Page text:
Numerous socialist theoreticians this side of the Iron Curtain are quick to dismiss the evolvement of the all-encompassing terror in the Soviet Union as "non-socialist," "Bolshevism," "dictatorial," "Communistic," and so forth. The theory that led to the appearance of all this was just too beautiful to be doubted. But in fact, the planned economy must lead to terror! Even a superfluous reflection shows that no dissent can be tolerated in a planned economy, if it is to remain a planned economy. Take strikes, for instance. Suppose Soviet steelworkers go on strike. Since every ton of their production has been spoken for, the whole economy can be severely damaged. It makes a shambles of the plan for the rest of the country. Indeed, we never hear about strikes in the Soviet Union. To assume that the reason for this is the uniform happiness of the people would be outright foolish.
Literature and Art – a Public Relations Function
Another aspect of practical socialism that was forced upon Soviet leaders by reality was the fact that not only the economy, but all other phases of national life also had to be planned with a gun as the major "incentive." Moreover, following Lenin's view that the "press is the sharpest weapon of socialism," even stiffer measures were applied to intellectuals than to workers to eliminate dissenters. Some of them were starved (poet Blok), others shot (poet Gumilev), others committed suicide (poets Yesenin, Mayakovsky). The remainder accepted the role of public relations writers, with fat (by Soviet standards) paychecks and the duty to praise any and all actions of socialist "leaders."
It could not be otherwise. Suppose freedom of speech were allowed, and, lo and behold, there comes a man like L. Tolstoy with his "return-to-nature" call. If he manages to convince enough workers that we should go back and live in the bush, what happens to heavy industry (which Tolstoy considered a complete folly)? Or, worse yet, suppose some writer looks at any of the numerous failings of Soviet shops and farms and says: "The plan and planners were stupid, and everyone will be better off by doing away with both the plan and the planners." What then?
Obviously, Soviet leaders have learned the Machiavellian logic well: If there is no one to tell a man that he is badly off, chances are he'll never figure this out for himself. And thus, just as there are no strikes in the Soviet Union, there is little intellectual dissent either.
In this connection, it is interesting to examine the case of A. Solzhenitsin. His only "sin" against the socialist fatherland is his refusal to become a Soviet public relations writer. Nowhere in his writings does he dispute the virtues of socialism, ideologically he is neutral. True, he denounced Stalin's methods, but so did many Soviet leaders. His latest novel, August 1914, could even be considered (on the surface) as in line with the Soviet practice of denouncing anything connected with tzarism.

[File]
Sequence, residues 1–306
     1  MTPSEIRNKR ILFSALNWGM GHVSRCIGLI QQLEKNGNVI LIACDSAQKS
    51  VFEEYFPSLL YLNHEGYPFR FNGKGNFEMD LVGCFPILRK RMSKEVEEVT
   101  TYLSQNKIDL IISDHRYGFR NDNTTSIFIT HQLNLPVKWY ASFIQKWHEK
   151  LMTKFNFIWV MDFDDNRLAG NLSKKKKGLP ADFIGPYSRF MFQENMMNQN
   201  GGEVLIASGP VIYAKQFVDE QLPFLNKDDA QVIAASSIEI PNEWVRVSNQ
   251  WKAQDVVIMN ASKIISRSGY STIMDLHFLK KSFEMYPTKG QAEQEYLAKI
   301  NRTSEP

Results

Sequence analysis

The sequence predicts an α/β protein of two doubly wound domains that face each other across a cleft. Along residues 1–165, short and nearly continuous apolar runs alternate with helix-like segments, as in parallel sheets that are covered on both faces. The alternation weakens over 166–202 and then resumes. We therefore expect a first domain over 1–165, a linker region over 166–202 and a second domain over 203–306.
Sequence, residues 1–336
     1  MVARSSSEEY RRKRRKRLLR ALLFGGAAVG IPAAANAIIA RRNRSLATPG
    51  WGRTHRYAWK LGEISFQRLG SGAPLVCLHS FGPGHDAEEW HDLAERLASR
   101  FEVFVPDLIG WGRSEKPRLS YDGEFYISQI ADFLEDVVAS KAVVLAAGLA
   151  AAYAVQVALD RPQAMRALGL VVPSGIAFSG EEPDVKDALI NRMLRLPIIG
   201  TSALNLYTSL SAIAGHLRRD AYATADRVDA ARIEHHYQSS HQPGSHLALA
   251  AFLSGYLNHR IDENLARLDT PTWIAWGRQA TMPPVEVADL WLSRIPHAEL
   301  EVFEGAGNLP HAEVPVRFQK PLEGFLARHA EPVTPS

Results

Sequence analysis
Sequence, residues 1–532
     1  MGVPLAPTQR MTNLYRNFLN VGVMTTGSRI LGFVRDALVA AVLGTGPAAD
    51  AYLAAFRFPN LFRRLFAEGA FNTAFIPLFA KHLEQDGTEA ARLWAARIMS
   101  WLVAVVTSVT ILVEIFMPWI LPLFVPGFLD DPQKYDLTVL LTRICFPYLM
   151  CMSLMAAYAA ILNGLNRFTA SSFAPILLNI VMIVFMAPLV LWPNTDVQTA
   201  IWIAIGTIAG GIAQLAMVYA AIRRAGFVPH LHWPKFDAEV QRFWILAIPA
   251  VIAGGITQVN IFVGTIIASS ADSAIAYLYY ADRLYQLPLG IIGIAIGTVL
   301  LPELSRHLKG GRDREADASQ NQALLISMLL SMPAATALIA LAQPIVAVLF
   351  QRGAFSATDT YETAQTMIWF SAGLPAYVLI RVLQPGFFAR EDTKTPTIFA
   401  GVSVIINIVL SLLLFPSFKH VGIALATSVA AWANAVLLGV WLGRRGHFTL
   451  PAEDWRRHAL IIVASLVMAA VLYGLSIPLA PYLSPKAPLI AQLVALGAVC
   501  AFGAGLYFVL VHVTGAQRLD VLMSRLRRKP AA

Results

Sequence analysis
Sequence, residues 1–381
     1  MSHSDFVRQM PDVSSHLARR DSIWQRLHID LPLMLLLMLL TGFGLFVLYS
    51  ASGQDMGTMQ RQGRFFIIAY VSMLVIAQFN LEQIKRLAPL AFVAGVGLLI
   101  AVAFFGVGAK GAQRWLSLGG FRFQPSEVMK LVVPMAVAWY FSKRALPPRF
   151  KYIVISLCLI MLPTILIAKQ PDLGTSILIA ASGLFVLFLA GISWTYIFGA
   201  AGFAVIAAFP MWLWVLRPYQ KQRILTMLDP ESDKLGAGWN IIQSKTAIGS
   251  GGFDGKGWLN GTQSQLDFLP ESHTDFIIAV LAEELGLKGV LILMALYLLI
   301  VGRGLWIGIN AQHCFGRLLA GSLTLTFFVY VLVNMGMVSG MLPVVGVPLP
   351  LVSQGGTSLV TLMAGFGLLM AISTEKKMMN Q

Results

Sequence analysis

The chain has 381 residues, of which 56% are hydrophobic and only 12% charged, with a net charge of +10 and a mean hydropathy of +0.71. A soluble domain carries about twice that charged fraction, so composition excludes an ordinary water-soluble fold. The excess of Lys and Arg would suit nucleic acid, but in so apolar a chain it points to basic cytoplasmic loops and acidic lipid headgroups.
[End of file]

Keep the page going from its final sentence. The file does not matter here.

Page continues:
But, once again – and this is crucial to grasp – he has committed the highest crime of a socialist state: He refuses to toe the line, he insists on writing what he likes, he does not take orders from some bureaucrat in charge of the current "party line."
Dictatorship Is a Must with Socialism
One of the main promises of socialist Utopia-planned economy – led to the necessity to enforce plans and, consequently, to the necessity of having an elite corps of enforcers, now known as the KGB. In other words, the KGB is a socialistic attribute: How else can its presence be explained, after 50 years of Soviet existence, after well fulfilling its original function, the extermination of "class enemies"? In fact, this organization is the cornerstone of Soviet law and order, the mainspring of the Soviet economy, and the final authority that determines when a Soviet writer (or artist) acts "in the interest of the working masses," or against them. Summarizing:
a. There can be no dissent in a socialist society.
b. It must be supported by terror.
c. Socialism is a dictatorship of bureaucracy.
A dictatorship (or "cult of personality," as it is termed in the Soviet Union) is another basic requirement for the existence of a socialist state.
We have shown before that the basis of a socialist society is suppression of any kind of dissent, either economic or intellectual. And so, mentally scanning through the layers of Soviet bureaucracy until we get to the very top level, we see blind obedience to orders (or "directives," as they are diplomatically called there). But, as we get to the top of the heap, can we have a "collective," "democratic" forum?
The answer is clear. If the "collective leadership" consists of several men, there is immediately a possibility of dissent, disagreement, inability to make firm decisions. The lack of firmness at the top will be transmitted below, and the whole Babylonian bureaucratic tower will come down.
Thus, throughout the USSR's 50 year history, there always existed a dictatorship, with brief intervals of "collective leadership." In reality, these periods of "collective leadership" are simply transition times during which a fierce battle is fought among the few top bureaucrats for the chair of the dictator. Thus after seven years of Lenin's rule, it took Stalin about four years to knock out the competition. The same thing happened after Stalin's death, when Khrushchev finally eliminated his rivals. And it appears today that comrade Brezhnev is gradually moving into the top spot.
Did We Get Sufficient Warning?
Despite the Utopian propaganda for socialism in the 19th century, some could see its inevitable consequences.
About 100 years ago, wrote Alexander Herzen: "Socialism will develop in all its phases to the limit, to the absurd. Then, once again, from the titanic breast of the revolutionary minority there will come a cry of suffering, and a life-and-death struggle will commence, in which socialism will play the part of today's conservatism and will be defeated by the future, unknown to us, revolution." A. Hertsen, Complete works, Vol. 5, p. 121.